By Peter Luxton
Perhaps finance officials from the Group of Seven (G7) industrialized nations were swept up in a wave of nostalgia for the 1980s. On Sept. 21, the G7 wrapped up a summit in Dubai with an announcement aimed at taking some of the starch out of the U.S. dollar, particularly against the Japanese yen and Chinese yuan, both managed currencies.
The G7's Dubai declaration echoed the group's Plaza Accord of Sept. 22, 1985. That agreement also sought to bring the greenback down from its then-lofty heights. And it succeeded beyond the group's wildest expectations, as the dollar lost more than a third of its value vs. major currencies. Dubai suggests that history may be about to repeat itself, albeit to a more muted extent.
The final communique from the meeting called for more "flexibility in exchange rates," which is "desirable for major countries or economic areas to promote smooth and widespread adjustments in the financial system based on market mechanics." This is an implicit criticism of China, Japan, and other nations in the region, urging them to adjust their own currencies more realistically to the dollar.
And in currency-speak, it was clearly a shot across the bow, with some analysts seeing a political component in the statement. Various G7 sources have been quoted as saying the wording was aimed at addressing U.S. domestic concerns, as a Presidential election year approaches, without altering fundamental G7 policy.
While most recent G7 communiques are intentionally bland, the group has occasionally taken a stronger line. It expressed concern over dollar weakness in 1995, yen depreciation in 1998, yen strength in September, 1999, and January, 2000, and euro weakness in September, 2000. All of these statements, however, were followed by central bank intervention -- buying and selling of target currencies -- in the foreign-exchange markets. These moves were meant to head off potential instability in the global economy and financial system with an "orderly reversal" of overextended moves in those currencies.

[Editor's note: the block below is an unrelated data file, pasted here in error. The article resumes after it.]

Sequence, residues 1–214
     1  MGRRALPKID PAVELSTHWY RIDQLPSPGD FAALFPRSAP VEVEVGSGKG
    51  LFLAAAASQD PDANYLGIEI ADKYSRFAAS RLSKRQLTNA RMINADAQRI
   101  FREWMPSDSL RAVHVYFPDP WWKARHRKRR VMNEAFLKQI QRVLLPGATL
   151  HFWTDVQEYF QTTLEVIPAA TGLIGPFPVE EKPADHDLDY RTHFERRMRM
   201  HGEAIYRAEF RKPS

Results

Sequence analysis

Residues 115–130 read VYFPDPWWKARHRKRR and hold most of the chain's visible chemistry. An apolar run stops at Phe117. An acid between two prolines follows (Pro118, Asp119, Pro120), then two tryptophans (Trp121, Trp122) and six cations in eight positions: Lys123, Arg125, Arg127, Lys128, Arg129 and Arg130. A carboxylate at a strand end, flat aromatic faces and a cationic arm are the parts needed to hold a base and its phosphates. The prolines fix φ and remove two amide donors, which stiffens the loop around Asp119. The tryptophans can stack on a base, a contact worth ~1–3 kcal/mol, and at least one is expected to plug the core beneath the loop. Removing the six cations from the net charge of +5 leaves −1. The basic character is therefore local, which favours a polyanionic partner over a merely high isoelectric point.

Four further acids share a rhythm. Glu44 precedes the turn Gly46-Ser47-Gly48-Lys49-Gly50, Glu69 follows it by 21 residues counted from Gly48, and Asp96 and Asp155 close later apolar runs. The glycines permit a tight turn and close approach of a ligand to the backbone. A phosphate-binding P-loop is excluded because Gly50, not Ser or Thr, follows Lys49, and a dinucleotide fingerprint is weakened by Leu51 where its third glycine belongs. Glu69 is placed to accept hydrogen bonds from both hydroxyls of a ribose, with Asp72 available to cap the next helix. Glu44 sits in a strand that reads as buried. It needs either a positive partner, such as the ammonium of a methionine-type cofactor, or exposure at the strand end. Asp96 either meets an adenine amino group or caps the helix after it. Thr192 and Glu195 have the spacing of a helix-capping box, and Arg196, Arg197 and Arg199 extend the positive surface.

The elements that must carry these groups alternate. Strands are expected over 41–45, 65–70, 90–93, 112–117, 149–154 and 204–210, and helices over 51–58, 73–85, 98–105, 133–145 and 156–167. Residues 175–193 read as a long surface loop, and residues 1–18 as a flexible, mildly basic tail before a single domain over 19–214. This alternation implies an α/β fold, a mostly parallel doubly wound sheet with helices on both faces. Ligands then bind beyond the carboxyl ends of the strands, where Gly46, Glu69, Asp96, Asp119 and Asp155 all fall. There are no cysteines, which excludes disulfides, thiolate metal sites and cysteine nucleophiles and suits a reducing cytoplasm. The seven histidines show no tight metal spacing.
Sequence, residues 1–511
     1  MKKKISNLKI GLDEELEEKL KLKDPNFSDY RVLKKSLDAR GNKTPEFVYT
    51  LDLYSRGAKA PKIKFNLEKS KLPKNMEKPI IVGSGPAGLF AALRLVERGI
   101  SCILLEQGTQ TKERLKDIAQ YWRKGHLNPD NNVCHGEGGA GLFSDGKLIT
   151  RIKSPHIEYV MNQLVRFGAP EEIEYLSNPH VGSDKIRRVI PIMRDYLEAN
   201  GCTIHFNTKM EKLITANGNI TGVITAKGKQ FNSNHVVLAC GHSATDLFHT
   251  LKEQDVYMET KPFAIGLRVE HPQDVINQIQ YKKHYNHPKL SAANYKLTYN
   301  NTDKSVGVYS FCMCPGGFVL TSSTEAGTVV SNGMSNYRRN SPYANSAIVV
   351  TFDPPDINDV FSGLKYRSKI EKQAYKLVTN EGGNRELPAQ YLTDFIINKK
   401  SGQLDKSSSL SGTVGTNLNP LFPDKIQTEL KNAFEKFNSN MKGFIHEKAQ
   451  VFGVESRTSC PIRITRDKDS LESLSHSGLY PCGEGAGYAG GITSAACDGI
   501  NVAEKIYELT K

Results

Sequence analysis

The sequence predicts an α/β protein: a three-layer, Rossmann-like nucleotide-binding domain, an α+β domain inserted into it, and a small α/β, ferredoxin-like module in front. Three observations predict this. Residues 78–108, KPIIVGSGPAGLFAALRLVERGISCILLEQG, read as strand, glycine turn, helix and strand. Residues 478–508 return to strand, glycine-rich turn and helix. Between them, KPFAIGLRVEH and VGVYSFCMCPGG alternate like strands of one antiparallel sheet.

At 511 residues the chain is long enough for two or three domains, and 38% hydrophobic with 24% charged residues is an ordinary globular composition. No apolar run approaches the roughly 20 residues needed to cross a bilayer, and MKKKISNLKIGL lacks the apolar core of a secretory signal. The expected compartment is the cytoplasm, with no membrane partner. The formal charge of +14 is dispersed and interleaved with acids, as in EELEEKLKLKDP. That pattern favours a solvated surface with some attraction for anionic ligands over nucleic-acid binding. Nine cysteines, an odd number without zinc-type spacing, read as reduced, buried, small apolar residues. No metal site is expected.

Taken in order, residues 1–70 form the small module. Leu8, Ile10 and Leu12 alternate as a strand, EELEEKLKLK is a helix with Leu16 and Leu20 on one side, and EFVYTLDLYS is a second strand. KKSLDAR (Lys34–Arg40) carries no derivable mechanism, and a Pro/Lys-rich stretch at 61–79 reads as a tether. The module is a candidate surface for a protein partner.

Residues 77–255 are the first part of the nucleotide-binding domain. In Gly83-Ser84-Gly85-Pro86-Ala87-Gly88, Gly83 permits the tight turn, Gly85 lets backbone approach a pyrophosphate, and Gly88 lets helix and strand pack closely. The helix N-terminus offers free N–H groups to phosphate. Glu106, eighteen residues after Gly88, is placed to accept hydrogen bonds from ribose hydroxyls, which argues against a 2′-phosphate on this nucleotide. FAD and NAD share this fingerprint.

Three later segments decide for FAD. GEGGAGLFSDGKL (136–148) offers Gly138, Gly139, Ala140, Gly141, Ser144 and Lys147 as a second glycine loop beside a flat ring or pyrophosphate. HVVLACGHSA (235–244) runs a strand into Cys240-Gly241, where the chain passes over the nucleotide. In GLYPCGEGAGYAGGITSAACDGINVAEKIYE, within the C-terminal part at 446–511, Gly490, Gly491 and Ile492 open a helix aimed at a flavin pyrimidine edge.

With its demand that central banks allow market forces to make the necessary adjustments, the Dubai statement turns this "orderly reversal" strategy on its head, echoing the 1985 assertion that "exchange rates should play a role in adjusting external imbalances." In either case, central banks are notable by their absence.
This could signal a significant change in foreign-exchange policy, aimed at the Asian region rather than a more general global thrust. Unlike in 1985, the dollar has already weakened significantly against the European currency and the so-called minor dollars -- the Australian and Canadian currencies. It is the managed "bloc" of the yen, the yuan, and other emerging Asian currencies that has gummed up the system, as strength in those currencies has been artificially constrained.
Market reaction following the meeting was swift, with the dollar coming under broad-based selling pressure. On Sept. 22, the greenback plunged against the Japanese currency, to 112 yen to the dollar. Meanwhile, stock markets around the world took a beating, as the prospect of a suddenly weaker dollar sent investors to the exits. Japan's benchmark stock index, the Nikkei 225, tumbled more than 4%, in part because of worries about the effects of a resurgent yen on the country's exporters. In the U.S., the major indexes each fell over 1%, with Treasuries also hit by losses.
Team Bush, which has faced considerable domestic pressure from business groups and lawmakers on the dollar's strength against Asian currencies, had little to say following the meeting. Treasury Secretary John Snow reiterated the Administration's "strong dollar" policy, but he said little on the dollar's slide in the wake of the G7 meeting.
Snow's invocation of the strong-dollar policy could be a reaction to the drop in U.S. asset markets, especially Wall Street's unease that bonds could suffer from a sharp fall in the dollar as Asian central banks cut back on their purchases of Treasury and agency debt.
While underlying U.S. fundamentals (especially the swelling current-account and budget deficits) may justify a weaker dollar, the U.S. economy still looks strong compared to Europe or Japan. But looking ahead, there may be little wind remaining in the dollar's sails, as further losses vs. the yen could indeed drag the greenback lower across-the-board.
Even with the rapid strengthening in their currencies vs. the greenback, officials from Asia's twin export giants will likely tread carefully. China's deputy central bank chief reaffirmed Beijing's policy of keeping the yuan's value stable, while gradually moving toward a more flexible foreign-exchange policy. And the Bank of Japan is likely to be more circumspect when it chooses to intervene in currency markets to keep a lid on the yen's rise. So, don't expect any aggressive actions, at least for the short term.
Luxton is a currency market analyst for MMS International MMS staff analysts contributed to this report